Several times during the rubber match Morales declined to touch gloves with Barrera, and he spurned the winner’s attempt to shake hands after the decision was announced. A central issue in their animus toward each other is the fact that Morales, who grew up in desperate poverty in Tijuana, saw the college-educated Barrera, a Mexico City resident, as a member of the privileged upper class. In describing the smoldering dislike between them, promoter Bob Arum said before their climactic third fight that “in all my years in boxing, I have never seen such a legitimate, mutual hatred than the one which exists between these two fighters.”
Now that they’re both Hall of Famers, perhaps the time has come for both of these magnificent fighters to at least acknowledge the fact that together they made magic, and memories all fight fans are apt to cherish.
Wright, a clever southpaw from St. Petersburg, Fla., was the ultimate road warrior, traveling the globe to take bouts and once arriving in the other guy’s hometown, far more often than not spoiling the occasion for the local favorite. He honed his craft in such countries as South Africa, England, France, Germany and Monaco before returning to the United States and winning world titles in two weight classes, scoring two impressive victories over Shane Mosley and an even more dominant one against Felix Trinidad, whom he schooled on May 14, 2005, at Las Vegas’ Mandalay Bay, winning 34 of 36 rounds on the three judges’ combined scorecards.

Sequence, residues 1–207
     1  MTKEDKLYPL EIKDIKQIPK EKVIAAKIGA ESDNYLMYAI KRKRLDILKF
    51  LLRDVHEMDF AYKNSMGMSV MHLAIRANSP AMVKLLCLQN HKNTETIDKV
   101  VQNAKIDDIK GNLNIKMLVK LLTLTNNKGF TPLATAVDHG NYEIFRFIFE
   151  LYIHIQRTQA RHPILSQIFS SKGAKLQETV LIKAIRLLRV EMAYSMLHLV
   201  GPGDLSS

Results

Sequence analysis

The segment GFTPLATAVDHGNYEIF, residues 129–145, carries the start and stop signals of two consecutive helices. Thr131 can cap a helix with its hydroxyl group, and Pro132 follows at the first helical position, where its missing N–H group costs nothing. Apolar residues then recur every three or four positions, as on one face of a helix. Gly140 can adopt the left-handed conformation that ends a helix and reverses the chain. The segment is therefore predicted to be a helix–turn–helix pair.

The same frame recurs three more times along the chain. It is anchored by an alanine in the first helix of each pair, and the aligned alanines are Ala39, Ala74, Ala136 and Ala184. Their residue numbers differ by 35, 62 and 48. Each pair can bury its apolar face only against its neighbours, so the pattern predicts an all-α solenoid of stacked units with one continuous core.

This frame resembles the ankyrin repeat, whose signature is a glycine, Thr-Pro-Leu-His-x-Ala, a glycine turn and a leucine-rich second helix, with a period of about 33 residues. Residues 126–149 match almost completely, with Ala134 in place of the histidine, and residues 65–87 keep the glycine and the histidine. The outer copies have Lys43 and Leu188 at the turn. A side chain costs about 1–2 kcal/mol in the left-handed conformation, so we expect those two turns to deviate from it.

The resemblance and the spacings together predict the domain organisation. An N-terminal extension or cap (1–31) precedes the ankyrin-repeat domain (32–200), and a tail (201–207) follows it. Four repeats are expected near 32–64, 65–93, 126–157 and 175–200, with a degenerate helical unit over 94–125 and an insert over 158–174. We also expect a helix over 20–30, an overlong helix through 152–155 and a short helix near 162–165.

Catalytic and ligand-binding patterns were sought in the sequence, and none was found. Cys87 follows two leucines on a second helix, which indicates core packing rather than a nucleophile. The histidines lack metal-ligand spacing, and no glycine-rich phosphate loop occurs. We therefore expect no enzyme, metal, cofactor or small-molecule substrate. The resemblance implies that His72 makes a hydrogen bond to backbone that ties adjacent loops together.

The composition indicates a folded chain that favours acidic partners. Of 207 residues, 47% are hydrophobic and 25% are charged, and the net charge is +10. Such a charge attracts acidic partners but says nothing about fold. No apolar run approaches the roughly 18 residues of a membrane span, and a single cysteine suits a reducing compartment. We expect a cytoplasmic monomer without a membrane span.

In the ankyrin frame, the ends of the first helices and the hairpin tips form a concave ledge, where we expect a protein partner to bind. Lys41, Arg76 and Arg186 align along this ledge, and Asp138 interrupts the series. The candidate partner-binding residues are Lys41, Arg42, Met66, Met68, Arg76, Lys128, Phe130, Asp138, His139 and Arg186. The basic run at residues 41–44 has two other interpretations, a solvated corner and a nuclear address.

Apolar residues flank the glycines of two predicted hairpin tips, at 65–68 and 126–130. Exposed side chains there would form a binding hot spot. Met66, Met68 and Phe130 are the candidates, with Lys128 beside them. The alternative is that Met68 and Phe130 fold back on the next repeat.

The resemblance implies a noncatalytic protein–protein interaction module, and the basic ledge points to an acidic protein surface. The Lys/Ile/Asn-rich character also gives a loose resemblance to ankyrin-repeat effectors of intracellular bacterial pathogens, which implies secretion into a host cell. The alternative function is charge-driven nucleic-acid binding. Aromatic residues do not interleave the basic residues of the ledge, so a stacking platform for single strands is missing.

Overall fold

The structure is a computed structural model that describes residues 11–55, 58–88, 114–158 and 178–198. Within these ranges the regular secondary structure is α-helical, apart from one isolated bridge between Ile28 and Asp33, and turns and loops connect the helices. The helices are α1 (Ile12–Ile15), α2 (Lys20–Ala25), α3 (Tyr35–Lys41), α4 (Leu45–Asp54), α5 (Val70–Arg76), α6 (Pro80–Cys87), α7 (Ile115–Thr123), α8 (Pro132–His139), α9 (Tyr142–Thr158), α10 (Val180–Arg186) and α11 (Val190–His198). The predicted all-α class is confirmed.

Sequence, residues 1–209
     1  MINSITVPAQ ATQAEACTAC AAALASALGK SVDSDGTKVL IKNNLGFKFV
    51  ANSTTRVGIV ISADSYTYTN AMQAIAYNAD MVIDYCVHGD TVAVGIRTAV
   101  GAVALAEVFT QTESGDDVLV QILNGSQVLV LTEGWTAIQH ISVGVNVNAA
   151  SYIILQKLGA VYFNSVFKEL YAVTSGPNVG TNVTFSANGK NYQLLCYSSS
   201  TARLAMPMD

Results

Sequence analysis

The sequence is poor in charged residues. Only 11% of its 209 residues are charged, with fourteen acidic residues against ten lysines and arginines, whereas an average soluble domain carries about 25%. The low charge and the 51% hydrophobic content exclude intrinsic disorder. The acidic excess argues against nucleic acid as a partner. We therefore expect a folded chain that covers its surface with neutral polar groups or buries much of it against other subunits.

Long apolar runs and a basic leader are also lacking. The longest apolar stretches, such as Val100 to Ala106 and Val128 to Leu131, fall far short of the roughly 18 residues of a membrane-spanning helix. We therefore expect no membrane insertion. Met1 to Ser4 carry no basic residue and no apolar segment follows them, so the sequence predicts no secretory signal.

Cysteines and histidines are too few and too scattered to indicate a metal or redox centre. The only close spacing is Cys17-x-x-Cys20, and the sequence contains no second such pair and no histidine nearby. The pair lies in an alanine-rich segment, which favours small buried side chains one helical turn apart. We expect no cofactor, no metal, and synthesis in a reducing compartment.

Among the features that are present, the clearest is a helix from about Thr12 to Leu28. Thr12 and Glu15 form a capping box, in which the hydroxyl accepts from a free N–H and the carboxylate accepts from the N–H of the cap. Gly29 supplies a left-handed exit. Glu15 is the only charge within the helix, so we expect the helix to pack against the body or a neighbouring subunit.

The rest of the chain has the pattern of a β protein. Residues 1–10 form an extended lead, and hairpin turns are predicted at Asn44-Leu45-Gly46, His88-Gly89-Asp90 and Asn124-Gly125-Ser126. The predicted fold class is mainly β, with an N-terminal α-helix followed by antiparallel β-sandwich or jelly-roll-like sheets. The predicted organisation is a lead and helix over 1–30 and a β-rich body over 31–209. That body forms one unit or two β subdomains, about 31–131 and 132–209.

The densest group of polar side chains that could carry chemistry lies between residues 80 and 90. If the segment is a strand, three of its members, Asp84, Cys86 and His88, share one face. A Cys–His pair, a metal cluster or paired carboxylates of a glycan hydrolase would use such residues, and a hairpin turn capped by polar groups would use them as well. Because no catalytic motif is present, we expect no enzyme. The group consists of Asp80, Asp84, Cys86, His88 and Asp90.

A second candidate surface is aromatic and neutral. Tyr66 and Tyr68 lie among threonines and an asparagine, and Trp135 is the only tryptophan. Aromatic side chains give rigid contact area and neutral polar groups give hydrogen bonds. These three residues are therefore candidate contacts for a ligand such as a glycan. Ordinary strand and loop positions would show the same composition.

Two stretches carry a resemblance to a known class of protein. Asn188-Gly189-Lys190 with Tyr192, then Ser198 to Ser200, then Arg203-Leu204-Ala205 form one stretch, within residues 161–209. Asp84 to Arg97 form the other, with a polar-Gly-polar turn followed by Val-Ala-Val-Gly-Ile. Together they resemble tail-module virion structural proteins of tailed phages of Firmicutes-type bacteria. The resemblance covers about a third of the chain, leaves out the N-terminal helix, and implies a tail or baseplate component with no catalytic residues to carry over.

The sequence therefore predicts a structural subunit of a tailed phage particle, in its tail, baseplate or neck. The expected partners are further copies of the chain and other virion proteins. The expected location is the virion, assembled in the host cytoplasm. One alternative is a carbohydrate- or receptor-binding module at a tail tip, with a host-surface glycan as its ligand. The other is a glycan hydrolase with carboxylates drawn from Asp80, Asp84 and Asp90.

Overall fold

Trainer Dan Birmingham, who worked with Wright from the time he was an amateur all the way through his pro career, said it was Wright’s observational powers that helped set him apart in the ring.
“Winky’s a real sharp guy,” Birmingham said before Wright’s losing catch-weight bout with the similarly observant Bernard Hopkins. “I remember when we were in Europe. We would drive around the block and I would get lost. Winky would be in the car for a half-hour and knew every turn in the city.”